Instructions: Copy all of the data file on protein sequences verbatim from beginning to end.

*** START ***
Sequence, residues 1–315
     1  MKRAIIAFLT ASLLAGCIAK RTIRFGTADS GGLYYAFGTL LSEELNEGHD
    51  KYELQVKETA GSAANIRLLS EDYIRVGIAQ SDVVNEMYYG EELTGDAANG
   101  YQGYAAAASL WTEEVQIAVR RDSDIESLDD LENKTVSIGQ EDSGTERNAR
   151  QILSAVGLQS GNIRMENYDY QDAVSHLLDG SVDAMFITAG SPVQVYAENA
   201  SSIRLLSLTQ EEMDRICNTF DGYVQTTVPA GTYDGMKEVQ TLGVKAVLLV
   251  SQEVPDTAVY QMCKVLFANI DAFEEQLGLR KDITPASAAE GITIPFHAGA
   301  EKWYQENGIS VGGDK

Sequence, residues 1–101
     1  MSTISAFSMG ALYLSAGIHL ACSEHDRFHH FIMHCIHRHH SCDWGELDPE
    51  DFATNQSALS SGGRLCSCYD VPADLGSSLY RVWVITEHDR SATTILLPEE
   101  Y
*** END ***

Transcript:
Sequence, residues 1–315
     1  MKRAIIAFLT ASLLAGCIAK RTIRFGTADS GGLYYAFGTL LSEELNEGHD
    51  KYELQVKETA GSAANIRLLS EDYIRVGIAQ SDVVNEMYYG EELTGDAANG
   101  YQGYAAAASL WTEEVQIAVR RDSDIESLDD LENKTVSIGQ EDSGTERNAR
   151  QILSAVGLQS GNIRMENYDY QDAVSHLLDG SVDAMFITAG SPVQVYAENA
   201  SSIRLLSLTQ EEMDRICNTF DGYVQTTVPA GTYDGMKEVQ TLGVKAVLLV
   251  SQEVPDTAVY QMCKVLFANI DAFEEQLGLR KDITPASAAE GITIPFHAGA
   301  EKWYQENGIS VGGDK

Sequence, residues 1–101
     1  MSTISAFSMG ALYLSAGIHL ACSEHDRFHH FIMHCIHRHH SCDWGELDPE
    51  DFATNQSALS SGGRLCSCYD VPADLGSSLY RVWVITEHDR SATTILLPEE
   101  Y